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QoS policy to protect GRE traffic

We are using a Cisco ISR 1812 router IOS 124-15.T11 adv ip services loaded.

This router has a 3Mbps/1Mbps cable ISP connection to a Physical FE port.  We have also built an IPSEC+GRE tunnel back to the Central Office where the Corporate Web server sits.  I want to know if there is a way to control Internet use by way of a QoS policy to protect GRE traffic from being starved out by the user Internet traffic.

So far this is all I can come up with.

class-map match-all Intranet
match input-interface Tunnel0
class-map match-all Internet
match input-interface FastEthernet1
policy-map QoS_Control
class Intranet
  bandwidth 1000
class Internet
  shape average 2000000

interface Tunnel0
Tunnel to Corp 1
bandwidth 1544
ip address
ip tcp adjust-mss 1378
load-interval 30
tunnel source Loopback0
tunnel destination

interface FastEthernet0
description trunk port
no ip address
no ip redirects
no ip mroute-cache
load-interval 30
speed 100
service-policy output QoS_Control
interface FastEthernet0.1
description User VLAN 1 LAN
encapsulation dot1Q 1 native
ip address
no ip redirects
ip accounting output-packets
ip nat inside
no ip virtual-reassembly
no ip mroute-cache
interface FastEthernet0.2
description User Vlan 2 LAN
encapsulation dot1Q 2
ip address
no ip redirects
no ip mroute-cache

interface FastEthernet1
description Internet Access WAN
bandwidth 3000
ip address dhcp
no ip redirects
ip nat outside
ip inspect firewall out
ip virtual-reassembly
load-interval 30
duplex auto
speed auto
crypto map s2s

This is just a real basic setup that I wanted to try to see if it works.  This policy map would be applied outbound to the LAN side.  So outbound traffic to users would be shaped to 2Mbps with bursts allowed without starving out the entire pipe and killing our Intranet server access.

Let me know what if anyone has any better ideas here.

Should this work?

Calin C.

Hi there!

The syntax and structure is fine, but I didn't saw too often somebody to shape or police the traffic on the LAN interface. Usually  this is done outbound to the WAN.

"bandwidth" parameter is used for CBWFQ, so, queueing. The packets arrive on your router in the orderd delivered by the remote end, in this way you give priority to the packets from the tunnel interface direction inbound.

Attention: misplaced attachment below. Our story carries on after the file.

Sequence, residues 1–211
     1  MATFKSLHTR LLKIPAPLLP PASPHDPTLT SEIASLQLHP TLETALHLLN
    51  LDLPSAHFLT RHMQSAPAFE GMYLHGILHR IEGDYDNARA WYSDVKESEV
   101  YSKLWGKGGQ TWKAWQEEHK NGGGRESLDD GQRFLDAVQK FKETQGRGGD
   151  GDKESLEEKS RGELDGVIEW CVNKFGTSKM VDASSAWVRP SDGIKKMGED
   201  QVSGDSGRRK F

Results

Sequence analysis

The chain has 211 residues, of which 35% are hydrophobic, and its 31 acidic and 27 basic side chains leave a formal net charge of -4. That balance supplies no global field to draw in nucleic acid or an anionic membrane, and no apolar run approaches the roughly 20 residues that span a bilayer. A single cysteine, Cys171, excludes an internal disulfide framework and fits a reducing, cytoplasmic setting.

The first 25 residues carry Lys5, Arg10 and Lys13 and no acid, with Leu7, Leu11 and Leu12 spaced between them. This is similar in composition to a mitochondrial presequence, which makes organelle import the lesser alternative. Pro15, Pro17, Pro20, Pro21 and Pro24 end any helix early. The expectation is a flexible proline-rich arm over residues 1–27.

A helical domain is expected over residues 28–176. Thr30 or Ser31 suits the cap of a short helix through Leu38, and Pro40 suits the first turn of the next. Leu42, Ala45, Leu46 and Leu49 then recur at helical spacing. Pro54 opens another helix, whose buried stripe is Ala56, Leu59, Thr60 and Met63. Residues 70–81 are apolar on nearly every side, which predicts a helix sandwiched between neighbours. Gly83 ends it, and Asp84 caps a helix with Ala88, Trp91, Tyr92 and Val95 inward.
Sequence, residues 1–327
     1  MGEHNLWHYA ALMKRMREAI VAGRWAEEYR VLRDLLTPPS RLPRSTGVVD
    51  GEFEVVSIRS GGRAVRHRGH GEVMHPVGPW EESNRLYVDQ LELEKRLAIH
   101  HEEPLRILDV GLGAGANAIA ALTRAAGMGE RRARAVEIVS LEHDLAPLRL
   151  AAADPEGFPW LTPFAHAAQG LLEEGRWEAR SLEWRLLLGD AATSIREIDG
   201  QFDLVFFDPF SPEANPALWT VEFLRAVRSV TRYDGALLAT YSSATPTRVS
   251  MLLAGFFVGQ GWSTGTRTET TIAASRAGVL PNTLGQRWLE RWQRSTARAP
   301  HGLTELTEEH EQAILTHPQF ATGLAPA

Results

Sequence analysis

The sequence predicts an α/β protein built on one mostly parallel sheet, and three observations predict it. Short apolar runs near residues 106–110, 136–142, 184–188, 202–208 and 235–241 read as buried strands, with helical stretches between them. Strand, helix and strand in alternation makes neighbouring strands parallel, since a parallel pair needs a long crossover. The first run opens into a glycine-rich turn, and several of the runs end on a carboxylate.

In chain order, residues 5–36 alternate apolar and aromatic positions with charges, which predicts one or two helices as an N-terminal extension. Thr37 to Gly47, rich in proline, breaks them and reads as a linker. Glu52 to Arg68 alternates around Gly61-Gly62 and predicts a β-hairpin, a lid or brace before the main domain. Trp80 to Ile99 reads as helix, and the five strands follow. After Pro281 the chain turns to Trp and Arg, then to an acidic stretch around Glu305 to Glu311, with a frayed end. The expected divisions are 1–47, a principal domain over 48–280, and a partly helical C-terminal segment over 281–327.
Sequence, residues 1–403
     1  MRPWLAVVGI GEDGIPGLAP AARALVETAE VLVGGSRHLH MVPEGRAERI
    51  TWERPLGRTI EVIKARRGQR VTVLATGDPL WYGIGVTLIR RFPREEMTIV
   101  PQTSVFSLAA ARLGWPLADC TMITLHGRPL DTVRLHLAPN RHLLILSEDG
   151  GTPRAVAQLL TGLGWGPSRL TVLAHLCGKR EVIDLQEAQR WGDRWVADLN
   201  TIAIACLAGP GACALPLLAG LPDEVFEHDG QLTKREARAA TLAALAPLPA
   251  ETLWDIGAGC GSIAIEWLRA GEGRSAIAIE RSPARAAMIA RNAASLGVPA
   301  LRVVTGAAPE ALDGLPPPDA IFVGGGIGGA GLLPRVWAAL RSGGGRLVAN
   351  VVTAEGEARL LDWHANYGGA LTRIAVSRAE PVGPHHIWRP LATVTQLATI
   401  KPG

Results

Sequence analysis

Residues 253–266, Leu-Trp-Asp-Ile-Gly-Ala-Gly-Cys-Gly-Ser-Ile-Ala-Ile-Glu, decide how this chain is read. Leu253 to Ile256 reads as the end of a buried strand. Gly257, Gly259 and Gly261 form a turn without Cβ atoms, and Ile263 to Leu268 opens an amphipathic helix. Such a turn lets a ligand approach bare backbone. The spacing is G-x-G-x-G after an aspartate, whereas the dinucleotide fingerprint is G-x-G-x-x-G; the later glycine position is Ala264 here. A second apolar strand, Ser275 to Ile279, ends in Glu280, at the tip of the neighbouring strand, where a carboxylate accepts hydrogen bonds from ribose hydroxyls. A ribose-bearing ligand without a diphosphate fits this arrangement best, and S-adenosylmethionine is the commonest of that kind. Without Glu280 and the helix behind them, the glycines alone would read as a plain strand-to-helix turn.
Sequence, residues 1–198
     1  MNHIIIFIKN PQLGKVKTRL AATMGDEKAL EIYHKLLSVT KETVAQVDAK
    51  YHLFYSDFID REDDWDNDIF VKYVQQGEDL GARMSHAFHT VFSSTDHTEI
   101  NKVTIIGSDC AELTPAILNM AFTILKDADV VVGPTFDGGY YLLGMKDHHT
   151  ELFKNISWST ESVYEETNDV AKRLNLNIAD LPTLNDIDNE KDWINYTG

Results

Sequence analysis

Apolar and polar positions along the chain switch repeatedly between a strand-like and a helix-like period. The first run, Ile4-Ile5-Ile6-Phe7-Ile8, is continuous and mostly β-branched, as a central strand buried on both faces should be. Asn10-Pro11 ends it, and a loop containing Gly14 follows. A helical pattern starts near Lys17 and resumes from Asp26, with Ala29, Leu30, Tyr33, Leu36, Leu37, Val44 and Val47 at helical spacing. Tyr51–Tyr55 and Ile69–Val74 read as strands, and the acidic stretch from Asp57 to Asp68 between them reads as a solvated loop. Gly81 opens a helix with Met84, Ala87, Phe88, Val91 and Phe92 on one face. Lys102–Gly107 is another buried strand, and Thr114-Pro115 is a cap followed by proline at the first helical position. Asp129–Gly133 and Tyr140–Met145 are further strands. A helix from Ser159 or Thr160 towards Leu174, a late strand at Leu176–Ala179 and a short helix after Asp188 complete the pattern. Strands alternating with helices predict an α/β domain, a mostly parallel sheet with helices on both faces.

I would do it somehow different:

1. ACL for the interesting traffic which will be put into VPN Tunnel

2. Match the ACL into one class-map (let's name it VPN)

3. Match the class-map VPN into one policy-map

-in the policy-map you will have 2 classes:

1st - VPN with a bandwidth or priority (since this is the important traffic for you, you might want to give it some priority queueing) with a value of 1Mbps

2nd - class-default (which is there but you don't see it) in which you match all other traffic which isn't falling into the VPN class; you don't have do to anything else as it's matched automatically; you can shape this traffic to avoid packet drops on the provider side

4. Apply the policy-map outbound on the WAN interface.

Let me know if you understood my explanation and if you need more help.


Calin thanks for your response, however an outbound policy on the WAN interface doesn't do much as its inbound traffic on the WAN that's my problem.  I am trying to keep large downloads inbound on the WAN from eating up all the available bandwidth so I am simply shaping Internet traffic to users outbound on the LAN side as this would be the direction of the traffic from the Internet to a user through the router.

My issue is making sure that the GRE traffic does not make its way into the shaping policy and I am trying to make sure that it isn't.  I just implemented this yesterday and wil check today with some testing to see how it goes.  I have never used the match interface commands before and to me this makes sense seeing how I want traffic sourced from GRE to be given a share of bandwidth.

Rising star


if you're concern about traffic inbound from corporate central office (where corporate servers sits), then you could apply qos outbound on the central router towards the remote router and also you could also apply qos outbound on the remote router towards the central office  router.

In your configuration above, you are applying service policy on the physical instead of the tunnel interface, you need the qos preclassify enable on the physical to classify pre-tunnel IP header or else you pre-tunnel IP header will not get classify before encryption..